Middleham claims to be the smallest town in Yorkshire, but it is a giant in the world of horse racing with its 15 professional stables earning it the nickname ‘The Newmarket of the North’.
Horse breeding and training has been associated with the town since the 1730s and it has had a plethora of winners since, especially at the local courses of Ripon, Thirsk, Wetherby and York.
The stables and facilities in the town are second to none and visitors can get to meet the trainers and jockeys as well as see over 500 horses by taking a Middleham Racing Tour.
Where To Stay In and Around Middleham
LOCATION: Castle Hill, Middleham, North Yorkshire, DL8 4QG
Other than the so-called ‘Sport of Kings’, Middleham is famous for actual monarchs.
Somewhere in the late 12th century, construction on the current castle began. The 1170s are likely when the massive tower or stronghold was constructed. The chapel in the north-east corner of the keep, which is no longer accessible, has capitals that were carved in the second half of the 12th century. These capitals have “waterleaf” ornamentation, a style of carving that was also utilised in other parts of Yorkshire at the time. The first part of the 13th century saw the addition of a tower with a chapel on its top floor to the keep’s east flank.
Similarities between Middleham and other northern castle keeps, such as Bamburgh and Bowes, suggest that the mason responsible may have been Richard Wolveston, who served Hugh du Puiset, Bishop of Durham.
The town’s magnificent Norman castle may be largely in ruins today, but during the late 15th century it was Richard III’s most treasured residence.
The Yorkist king spent much of his childhood at the castle after he and his brother Edward were adopted by Richard Neville, the Earl of Warwick.
Richard returned to the castle after he married the Earl’s youngest daughter Anne Neville in 1472 and their son, also named Edward, was born within its walls.
Middleham fell into obscurity after the king was killed at the Battle of Bosworth Field in 1485. Today its high walls still stand and are cared for by English Heritage, but much of the structure is ruined.
A great addition to the castle, though, is its oak viewing galley that provides superb views over the adjacent countryside.
The past two decades have seen a number of important and valuable historical artefacts found close to the castle and around the town itself.
The most prestigious of those is the so-called Middleham Jewel, which was found by a man named Ted Seaton buried under a bridal path in 1985.
The 15th century pendent is made from 68 grams of gold and includes a ten caret blue sapphire stone. It is engraved with a depiction of the crucifixion of Jesus Christ on one side and the Nativity on its rear.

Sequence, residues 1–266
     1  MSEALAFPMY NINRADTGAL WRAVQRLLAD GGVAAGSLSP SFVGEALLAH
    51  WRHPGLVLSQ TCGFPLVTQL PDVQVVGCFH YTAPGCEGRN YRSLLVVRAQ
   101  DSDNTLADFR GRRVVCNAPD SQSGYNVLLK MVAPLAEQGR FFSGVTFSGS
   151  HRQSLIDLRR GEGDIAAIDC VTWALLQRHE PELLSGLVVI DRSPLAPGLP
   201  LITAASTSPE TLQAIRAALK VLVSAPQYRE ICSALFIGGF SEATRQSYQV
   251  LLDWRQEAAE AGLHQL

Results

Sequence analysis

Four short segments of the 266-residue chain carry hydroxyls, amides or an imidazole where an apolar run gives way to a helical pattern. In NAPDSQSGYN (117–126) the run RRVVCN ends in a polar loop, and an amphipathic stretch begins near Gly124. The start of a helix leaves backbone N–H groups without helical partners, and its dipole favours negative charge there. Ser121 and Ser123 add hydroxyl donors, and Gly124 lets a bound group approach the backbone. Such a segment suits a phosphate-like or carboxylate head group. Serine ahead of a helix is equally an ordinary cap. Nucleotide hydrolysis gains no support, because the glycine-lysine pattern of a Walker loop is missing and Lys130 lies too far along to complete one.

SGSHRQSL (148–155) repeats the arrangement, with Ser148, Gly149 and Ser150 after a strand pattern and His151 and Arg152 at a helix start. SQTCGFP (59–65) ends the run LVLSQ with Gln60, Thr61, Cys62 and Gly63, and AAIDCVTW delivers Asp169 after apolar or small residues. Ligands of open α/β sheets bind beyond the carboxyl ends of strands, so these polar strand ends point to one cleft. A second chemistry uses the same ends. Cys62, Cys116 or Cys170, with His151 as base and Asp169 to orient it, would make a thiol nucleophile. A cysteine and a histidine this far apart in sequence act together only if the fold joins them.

It would have been worn as a necklace by a lady of importance and was purchased by the Yorkshire Museum for £2.5 million.
Another Middleham find in the museum is a gold ring with an inscription reading SOVEREYNLY. It is believed that it belong to a leading noble or a member of the court at Middleham Castle and was discovered using a metal detector in 1990.
Then there’s the Middleham Horde. Uncovered by another metal detector user during the summer of 1993, this is a mammoth collection of 5,099 silver coins that appear to have been buried during the English Civil War (1642 to 1651).
What’s unique about the horde is that many of the coins come from different countries. Most are English Elizabethan, but more than 200 are from Spanish America and Spanish Netherlands, suggesting whoever buried them was well travelled.
Activities In and Around Middleham
If after taking in all this history you simply want to go to a wacky place where the kids will be entertained for hours then visit Forbidden Corner. This unusual Middleham establishment is based in Tupgill Park and is a fantasy garden that covers four acres. It is made up of tunnels and follies with enough twists to keep both the body and the mind occupied.
It was created as a private garden in 1989, but was opened to the public five years later and its reputation has grown in the two decades since.
The hills around Middleham are perfect for cycling and walking. One of the most popular routes starts in the centre of the town before heading west along Middleham Low Moor to Naylor’s Hill and cutting down to Tupgill Park. From there the walk passes the ruinous Coverham Abbey before descending north-east to Middleham Castle.
It covers a distance of almost six miles and should take two to three hours to complete.
Despite its diminutive size, Middleham has a couple of inns which provide accommodation as well as a number of holiday cottages. There are also campsites to north, close to Leyburn.